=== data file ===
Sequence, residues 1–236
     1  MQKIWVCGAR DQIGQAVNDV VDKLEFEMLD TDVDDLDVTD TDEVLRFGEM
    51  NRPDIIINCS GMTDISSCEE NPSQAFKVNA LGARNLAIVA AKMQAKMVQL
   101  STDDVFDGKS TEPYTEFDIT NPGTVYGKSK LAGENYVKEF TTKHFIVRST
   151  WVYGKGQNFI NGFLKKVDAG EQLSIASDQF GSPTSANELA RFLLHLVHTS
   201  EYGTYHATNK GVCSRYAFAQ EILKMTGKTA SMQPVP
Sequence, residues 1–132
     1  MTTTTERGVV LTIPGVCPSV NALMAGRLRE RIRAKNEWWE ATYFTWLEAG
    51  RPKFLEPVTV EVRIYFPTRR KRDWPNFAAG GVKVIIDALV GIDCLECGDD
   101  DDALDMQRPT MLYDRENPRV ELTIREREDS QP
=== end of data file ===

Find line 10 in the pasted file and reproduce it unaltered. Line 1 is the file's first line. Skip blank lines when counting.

   101  DDALDMQRPT MLYDRENPRV ELTIREREDS QP